In VAT, DGLHD exposure resulted in prominent declines in metabolites of lipid, amino acids, and nucleotides, including polyunsaturated fatty acids, branched-chain fatty acids (BCAA), aromatic amino acids, and purines, as well as cholesterol and glucose (Figure 3A and Data Sheet 1). Other changes included increases in glycine and glutamine, and decreases in lysophosphatidylcholine, glutamine, and glycine (Figure 3A and Data Sheet 1).
In order to characterize the metabolic alterations effected by DGLHD in more detail, we further conducted pathway-enhancement analysis for different metabolites. We found that treatment of ob/ob mice with DGLHD strongly influenced pathways in adipose tissue that control levels of ABC transporters, metabolism of glycine, serine, threonine, arginine, alanine, glutamate, phenylalanine, and purines, and the biosynthesis of aminoacyl-tRNA (Figure 3C and Data Sheet 2). In liver, DGLHD treatment altered pathways associated with the metabolism of purines, glutamate, glutamine, alanine, and phenylalanine (Figure 3D and Data Sheet 2). Collectively, these results were consistent with the hypothesis that DGLHD ameliorates insulin resistance and hepatic steatosis in ob/ob mice.
DGLHD Alleviates Inflammation in ob/ob Mice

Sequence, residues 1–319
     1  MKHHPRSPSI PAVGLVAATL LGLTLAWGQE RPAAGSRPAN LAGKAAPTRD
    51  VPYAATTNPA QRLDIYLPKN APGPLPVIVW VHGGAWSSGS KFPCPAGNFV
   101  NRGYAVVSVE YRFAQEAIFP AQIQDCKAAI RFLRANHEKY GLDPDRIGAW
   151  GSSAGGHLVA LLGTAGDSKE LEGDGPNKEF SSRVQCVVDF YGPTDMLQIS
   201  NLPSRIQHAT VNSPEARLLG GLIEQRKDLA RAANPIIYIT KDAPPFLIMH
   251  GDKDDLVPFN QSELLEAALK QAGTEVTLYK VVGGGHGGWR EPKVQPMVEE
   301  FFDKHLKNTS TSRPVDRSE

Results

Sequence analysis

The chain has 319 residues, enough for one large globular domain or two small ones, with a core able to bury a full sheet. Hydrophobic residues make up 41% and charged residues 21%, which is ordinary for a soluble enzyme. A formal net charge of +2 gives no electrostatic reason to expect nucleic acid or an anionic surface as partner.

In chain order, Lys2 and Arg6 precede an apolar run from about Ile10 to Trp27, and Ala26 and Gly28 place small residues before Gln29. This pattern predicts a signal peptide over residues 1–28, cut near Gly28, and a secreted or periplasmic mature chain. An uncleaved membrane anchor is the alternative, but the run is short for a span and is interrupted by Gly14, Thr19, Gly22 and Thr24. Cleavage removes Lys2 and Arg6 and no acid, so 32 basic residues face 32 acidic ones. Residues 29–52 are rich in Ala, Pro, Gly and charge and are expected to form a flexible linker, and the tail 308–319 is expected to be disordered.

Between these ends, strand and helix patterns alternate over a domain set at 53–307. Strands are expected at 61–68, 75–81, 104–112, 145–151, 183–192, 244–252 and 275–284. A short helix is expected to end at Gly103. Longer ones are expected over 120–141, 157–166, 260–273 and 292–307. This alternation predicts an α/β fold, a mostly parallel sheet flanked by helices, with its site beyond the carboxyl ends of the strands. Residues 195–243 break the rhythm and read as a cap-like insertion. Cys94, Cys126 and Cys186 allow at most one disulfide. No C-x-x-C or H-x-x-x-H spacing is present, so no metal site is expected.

Given that obesity is considered as a kind of chronic low-grade inflammation characterized by increased cytokine levels in the circulation and at local sites (Lee and Lee, 2014), we examined mRNA levels of the pro-inflammatory cytokines-TNF-α, IFN-γ, IL-1β, IL-6-, and the anti-inflammatory cytokine IL-10 in adipose and hepatic tissues of untreated and DGLHD-treated ob/ob mice. As depicted in Figures 4A,B, mRNA expressions of these pro-inflammatory cytokines were reduced by DGLHD, whereas IL-10 expression was increased. In line with these results, treatment with DGLHD also decreased the secretion of TNF-α and IFN-γ cytokines, and elevated the production of IL-10 and TGF-β1 cytokines in serum (Figures 4D–G). Moreover, DGLHD treatment also decreased TNF-α and IFN-γ mRNA levels, and increased IL-10 and TGF-β1 levels in splenic T cells, while significantly suppressed splenic T cells proliferation (Figures 4C,H).
Figure 4. DGLHD diminishes local and systemic inflammation in ob/ob mice. Hepatic and visceral adipose tissues, spleen, and serum were derived from ob/ob mice given water or DGLHD. (A,B) Gene expression levels of IL-1β, IL-6, TNF-α, IFN-γ, and IL-10 were determined in liver and VAT by qRT-PCR analyses. (C) The mRNA levels of TGF-β1, IL-10, IFN-γ, and TNF-α in splenic T cells. (D–G) The productions of TGF-β1, IL-10, IFN-γ, and TNF-α in serum were detected by ELISA. (H) Splenic T cell proliferation was measured by MTT assay. β-actin was detected as the internal reference. Data shown are mean ± SEM (n = 4–5). *P < 0.05, **P < 0.01 vs. Control.
DGLHD Elevates Tregs Generation In vivo and In vitro